Religion in Saudi Arabia is regarded as the bedrock of all educational decisions. In fact, the constitution of Saudi Arabia reflects the country's philosophy: ‘The Kingdom of Saudi Arabia is a sovereign Arab Islamic state with Islam as its religion; God's Book and the Sunnah [ways and practices] of His Prophet, peace be upon him, are its constitution, Arabic is its language’ (International Constitutional Law Document, 2005). With regard to the education sector, the first general objective and strategic starting point of Saudi Arabia's Sixth Development Plan (1995–2000) made it a priority ‘to safeguard Islamic values by duly observing, disseminating and confirming Allah's Shariáh (God's Divine Law)’ (Ministry of Planning, 1995). Religious education, namely Islamic education, is emphasized throughout all levels of the school system in Saudi Arabia. Its subjects are: Quran, Tajwid (conventions of Quranic recitation), Tafsir (Quranic Interpretation), Hadith (sayings of the Prophet), Fiqh (Islamic jurisprudence), and Tawheed (the Oneness of God). Failure in anyone of the above subjects requires the student to repeat the whole academic year. Approximately 30% of the students' total classroom hours is dedicated to teaching these subjects in elementary school, whereas 24% of class time is committed to teaching these subjects at the intermediate and secondary levels (Prokop, 2005). The emphasis on Islam, however, is not limited to the parts of the school day that are explicitly devoted to religious subjects, but pervades the teaching of all subjects at all academic levels. Sciences and humanities subjects are enveloped in layers of Islamic thought and philosophy. For instance, history classes emphasize such elements as the history of Islamic civilization and the life of the prophet, and Arabic literature classes are heavily influenced by Islamic teachings (Prokop, 2003). Current research on Islamic Studies in Saudi Arabia focuses on reforming the ‘official curriculum’ and school textbooks in response to fierce attacks alleging that on the Saudi national curriculum promotes hostility against non-Muslims (Prokop, 2003 and Stalinsky, 2003). Such allegations were met with an aggressive response, most notably from the Imam at the Holy Mosque of Makkah, Sheik Saud Al Shuraim, who publically declared that any change in the curriculum material would be regarded as an act of ‘high treason’ (Prokop, 2003). Nonetheless, Ministry of Education and other government officials continue the call for toning down the anti-non-Muslim rhetoric in the curriculum and have made efforts to retrain teachers in fostering tolerance and open-mindedness among the Saudi youth. Despite widespread attempts to develop new curricula and materials for schools the impoverished understandings of the complex role of the teacher and the classroom context has resulted in the creation of a parochial and simplistic understanding of this fundamental issue. In this context, I seek to broaden the scope of educational research by steering away from the heated debate around the ‘official curriculum’ and focusing on what is known as the ‘delivered curriculum’ (Eisner, 1992)—i.e., that which is actually taught in the classroom, taking account of teacher identity beliefs, styles, and their impact on the form and content of curricular materials that students actually receive. 1.1. Why study women? There are several reasons for limiting the study to women teachers. First, the conservative nature of the Saudi society would make it difficult for a female researcher like myself to interview or interact with male Islamic Studies teachers. Second, Saudi women, let alone Saudi women teachers, are an understudied population. Research in Saudi women is scarce and often lacks meticulous description. This could be due to the fact that women in Saudi culture are regarded as oura, a term used to designate something extremely private, including private body parts (Arebi, 1994). Women are also regarded as objects of family honor and hence protecting them from the public eye is not limited to physical concealment or veiling, but includes shielding the disclosure of their identities and voices. Hitherto, very few researchers have attempted to study the Saudi Arabian female. One of the prominent researchers in this area is the Saudi anthropologist Suraya Al Torki, who has conducted research on women's development and employment in Saudi Arabia (1992), on the ideology and behavior of privileged Saudi women (1986) and on family organization and women's power in Saudi urban society (1977). Arebi (1994) has also contributed to the understanding of Saudi women through her study on Saudi women writers and the political discourse. Thirdly, given that Saudi Arabia is a relatively young country and that, like many developing countries, it has undergone rapid economic, social and demographic changes, the country implemented what was known as a ‘rapid expansion policy,’ in which the emphasis has centered on quantitative expansion of the education sector (Abd-el Wassie, 1970 and Prokop, 2003). The advances in terms of infrastructure, developing books, training teachers and establishing schools have been so rapid that it has been difficult to evaluate the efforts expended into education (Abd-el Wassie, 1970). In fact, female teacher education for Saudi women only began in the late 1960s. Most teachers prior to that time were imported from neighboring Arab countries, particularly Egypt and Syria. In the late 1960s, as part of its effort to address the dire need for Saudi teachers, the Ministry of Education implemented a two-year diploma programme for teacher preparation. The participating teachers were only required to have completed an elementary school degree. Today, due to increasing unemployment among Saudis, the country has implemented a policy known as ‘Saudiazation,’ in which Saudis are given priority for job placements over none Saudis, a policy that is felt strongly in the education sector. Hence, there exists today a new generation of female Saudi teachers working in the education system. These women, I believe, are key players in the development of education in Saudi Arabia today; however, they lack voice and presence in current research regarding Saudi Arabia and its education system. Fourthly, choosing to focus on the experiences of the female Islamic Studies (referred to as IS hereafter) teachers, who are regarded as the weavers of the moral fiber of Saudi society, is unprecedented in the Saudi Arabian context. These women teachers are important because they are situated at the core of the ongoing debates about the role of women in Saudi Arabia today. As stakeholders in this debate, whether active or passive, their identities and experiences are constantly being shaped and reshaped by the political, social and religious changes in the nation at large. Moreover, according to Prokop (2005), ‘the influence of religious forces is particularly felt in the field of female education’ (p. 63). Indeed, women's education in Saudi Arabia is strictly controlled by the ulama and is impacted by a prominent gender ideology or ideal image of the Muslim Saudi Arabian woman that is sustained by the state, by society and by the ulama (Doumato, 1992). According to Kirk and Winthrop (2008) both in North America and western contexts, there is a wealth of literature that addresses individual teachers' experiences, identities, biographies, narratives and voices (see for example, Casey, 1993, Clandinin and Connelly, 1999, Clandinin and Connelly, 2000, Clandinin and Connelly, 2003 and Goodson, 1992). The previous type of literature has greatly informed teacher education programmes, especially in more progressive institutions and is recognized for its importance in the area of teacher professional development (Kirk & Winthrop, 2008). However, in Saudi Arabia, there is very little attention given to the various experiences, perceptions and narratives of teachers. Simply put, no one has endeavored to ask teachers for such input – perhaps because no one has considered their experiences to be a valuable subject of study, since the teacher is still regarded as an implementer of reform policy who may occasionally require ‘retraining’ rather than as an active stakeholder in the reform process. 1.2. Why now? As a political unit, Saudi Arabia's origins lie within the puritanical Wahhabi movement that gained the allegiance of the powerful Al Saud royal family. This political/religious alliance is not only the basis of the present Saudi Arabian state, it also shapes the social, cultural, and political norms, attitudes, behavior and environment of the nation. The field of political psychology takes the view that political systems routinely shape the identities, memories, stereotypes, beliefs, language, emotions and actions of citizens. Seen from this perspective, the people of Saudi Arabia have historically been habituated to a system within which change is rare and most individuals choose to remain within the realm of the familiar, thus buttressing and perpetuating a ubiquitous belief in accurate knowledge and indisputable truths. This exemplifies the view of Taba and Til (1945) that ‘Homogenous cultures are largely conservative: change comes slowly and the core of the culture is preserved intact’ (p. 62). In the wake of the attacks against the United States on September 11, 2001, many of the perpetuated ‘truths’ have been challenged and education reform in the Arab and Muslim world has emerged as a subject of great debate. In the case of Saudi Arabia, the country is currently experiencing a metamorphosis due to the unprecedentedly vibrant and complex tapestry of social, religious and political debates occurring in the larger context of the country. This phenomenon is best described in the words of Al Rasheed (2007), who explains that ‘more than any other time, Saudi society is polarized over religious interpretation and political aspirations. Without ignoring the impact of rapid social and economic change, the polarization is primarily a product of a widening gap between professed symbols and reality. The ongoing debate, together with the increased violence, simply indicates that Saudi Arabia is undergoing a transformation’ (p. 13). This transformation has led women to become more vocal about their role in society. This was particularly evident in the 2004 National Dialogue Forum, at which women debated many issues regarding women's education in the kingdom, such as the introduction of physical education, which was previously banned (Prokop, 2005). Furthermore, due to increasingly widespread literacy and mass media, ordinary Muslims have become increasingly familiar with religious concepts and interpretation. This has lead to a modern phenomenon in the Muslim world known as the ‘objectification of religion,’ in which issues that were once practiced unreflectively are constantly being debated among the masses (Eickleman & Piscatori, 1996 as cited in Mahmood, 2005). These debates, once regarded as exogenous to the Saudi classroom, have become increasingly salient among students and teachers. Hence, in addition to the task of teaching about religious practices, IS teachers are constantly being asked to ‘persuade’ students about the authenticity and sanctity of their religion. Mahmood (2005) explains this phenomenon succinctly as the ‘pedagogy of persuasion’ (p. 79). Hence, there is a palpable change in the teaching experience of these female teachers, which I believe is worthy of documenting and bringing to light. 1.3. Aims In light of the above, this study focuses on the experiences of Saudi Arabian female IS teachers by exploring such women's perceptions of what it means to be an IS teacher in Saudi Arabia today. The study will also contribute to the wider literature on Islamic Education, on teacher thinking and teacher identity and, finally, on the use of phenomenology as a qualitative research method since I draw on phenomenology as my guiding methodological framework. The key questions that I hope to address are as follows: ● What does it mean to be an IS teacher in Saudi Arabia today? ● How do IS teachers experience their roles as IS female teachers in Saudi Arabia today? ● What meanings and beliefs do teachers ascribe to their roles and what themes emerge from their experiences as IS teachers? ● What do IS teachers actually do in the classroom?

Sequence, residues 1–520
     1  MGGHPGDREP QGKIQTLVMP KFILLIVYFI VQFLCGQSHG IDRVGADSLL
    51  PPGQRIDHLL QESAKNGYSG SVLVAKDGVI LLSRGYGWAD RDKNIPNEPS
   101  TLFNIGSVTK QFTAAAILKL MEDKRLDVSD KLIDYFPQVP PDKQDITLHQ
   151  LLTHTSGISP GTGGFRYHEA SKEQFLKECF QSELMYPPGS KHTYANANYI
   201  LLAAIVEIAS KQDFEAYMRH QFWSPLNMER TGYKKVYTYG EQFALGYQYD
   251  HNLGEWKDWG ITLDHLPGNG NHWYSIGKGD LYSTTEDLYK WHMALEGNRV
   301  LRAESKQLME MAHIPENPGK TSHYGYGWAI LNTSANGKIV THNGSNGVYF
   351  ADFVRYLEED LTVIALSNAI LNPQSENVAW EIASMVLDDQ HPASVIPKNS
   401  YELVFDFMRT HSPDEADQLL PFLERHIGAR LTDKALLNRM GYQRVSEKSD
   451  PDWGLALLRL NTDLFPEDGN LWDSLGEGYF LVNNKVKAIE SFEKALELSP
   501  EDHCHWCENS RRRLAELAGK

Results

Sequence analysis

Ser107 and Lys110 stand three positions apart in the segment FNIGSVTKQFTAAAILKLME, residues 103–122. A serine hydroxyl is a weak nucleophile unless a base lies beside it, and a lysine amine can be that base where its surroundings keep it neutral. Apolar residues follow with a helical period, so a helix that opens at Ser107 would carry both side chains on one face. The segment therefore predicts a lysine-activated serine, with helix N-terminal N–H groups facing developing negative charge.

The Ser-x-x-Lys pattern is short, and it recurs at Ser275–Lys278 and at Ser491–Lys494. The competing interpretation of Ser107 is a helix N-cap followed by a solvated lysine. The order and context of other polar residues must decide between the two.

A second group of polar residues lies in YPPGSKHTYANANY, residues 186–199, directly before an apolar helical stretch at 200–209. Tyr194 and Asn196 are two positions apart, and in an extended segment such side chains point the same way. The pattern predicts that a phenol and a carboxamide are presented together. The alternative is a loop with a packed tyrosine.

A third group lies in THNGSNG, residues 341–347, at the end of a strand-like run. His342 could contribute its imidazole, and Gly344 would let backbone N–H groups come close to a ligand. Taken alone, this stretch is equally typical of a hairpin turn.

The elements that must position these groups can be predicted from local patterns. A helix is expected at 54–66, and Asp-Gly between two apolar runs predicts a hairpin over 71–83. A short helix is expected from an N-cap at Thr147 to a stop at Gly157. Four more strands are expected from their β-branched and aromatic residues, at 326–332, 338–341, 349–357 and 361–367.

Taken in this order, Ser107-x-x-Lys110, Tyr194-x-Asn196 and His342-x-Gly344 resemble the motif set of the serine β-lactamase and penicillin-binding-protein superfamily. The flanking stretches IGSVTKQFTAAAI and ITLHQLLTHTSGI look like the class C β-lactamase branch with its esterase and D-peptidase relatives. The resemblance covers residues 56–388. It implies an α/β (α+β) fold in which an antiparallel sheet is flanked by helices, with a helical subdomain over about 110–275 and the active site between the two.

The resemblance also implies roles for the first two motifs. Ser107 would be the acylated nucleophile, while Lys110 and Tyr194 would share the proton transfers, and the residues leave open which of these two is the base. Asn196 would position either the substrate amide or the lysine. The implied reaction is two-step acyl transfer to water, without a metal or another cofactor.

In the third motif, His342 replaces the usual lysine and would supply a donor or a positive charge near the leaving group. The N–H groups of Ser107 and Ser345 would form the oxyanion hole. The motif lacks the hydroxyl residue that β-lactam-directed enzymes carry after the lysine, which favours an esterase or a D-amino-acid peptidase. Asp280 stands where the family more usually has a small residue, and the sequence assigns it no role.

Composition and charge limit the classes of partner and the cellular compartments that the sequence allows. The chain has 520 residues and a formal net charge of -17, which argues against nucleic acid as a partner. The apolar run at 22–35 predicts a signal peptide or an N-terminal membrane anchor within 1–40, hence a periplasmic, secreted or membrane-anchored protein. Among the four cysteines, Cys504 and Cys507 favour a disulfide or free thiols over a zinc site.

نتیجه گیری انگلیسی
The teachers in this study used their identities, beliefs and values to make sense of their everyday lived experiences. Discussions about their lived experiences provided a counter-discourse that challenges the traditional image of IS teachers as transmitters of sacred knowledge. Atop the list of themes that have emerged from this study is the growing complexity of the IS teachers' roles due to an array of challenges that surfaced both in society at large and within the classroom walls. Whilst the teachers in this study sought refuge by resorting to familiar discourse when confronted with the unfamiliar, leaps of courage were nonetheless necessary at times, particularly with regards to expanding the dimensions of classroom discussions to incorporate topics that were once considered incontestable. The study certainly demonstrates the need for future research to further elucidate ‘who’ the Islamic studies teacher of today is and how he/she experience teaching in the light of the dramatic changes in society. Furthermore, impoverished understandings of how the teachers conceptualize and make meaning of particular aspects of their teaching, e.g., how they conceptualize a good discussion, has led to a rise of blanketed assumptions about what teaching is. For one thing, the study points out to the fact that we lack adequate definition or insights into how teachers perceive their own teaching in the light of this particular context where the lines between religion and education are blurred. The picture became even cloudier, yet more intriguing as I began to think of the numerous questions that emerge from this preliminary study: To what extent does the experience of the teachers in this study resemble experiences of teachers in other disciplines, perhaps even teachers in other western cultures? And to what degree is the experience of teaching universal? Is there a subject specific pedagogy, or a particular form of professional knowledge required for teaching IS? What knowledge, attitudes will teachers need to face the changes occurring in Saudi Arabian society today? I can fairly argue thus far, that given the scarcity of research in this area, and methodological shortcomings of previous research which focused addressed both the teacher and the curriculum as mutually exclusive entities, it is crucial to shed some light on the importance of the teacher and the lived realities of the teaching occupation itself. Goodson (1992), in his book Studying Teachers Lives, provides a key statement in this regard when he notes that: Researchers had not confronted the complexity of the school teacher as an active agent making his or her history. Researchers even when they had stopped treating the teacher as a numerical aggregate, historical footnote or unproblematic role incumbent still treated teachers as interchangeable types unchanged by circumstance or time. As a result a new more contextually sensitive research was needed. (P. 4)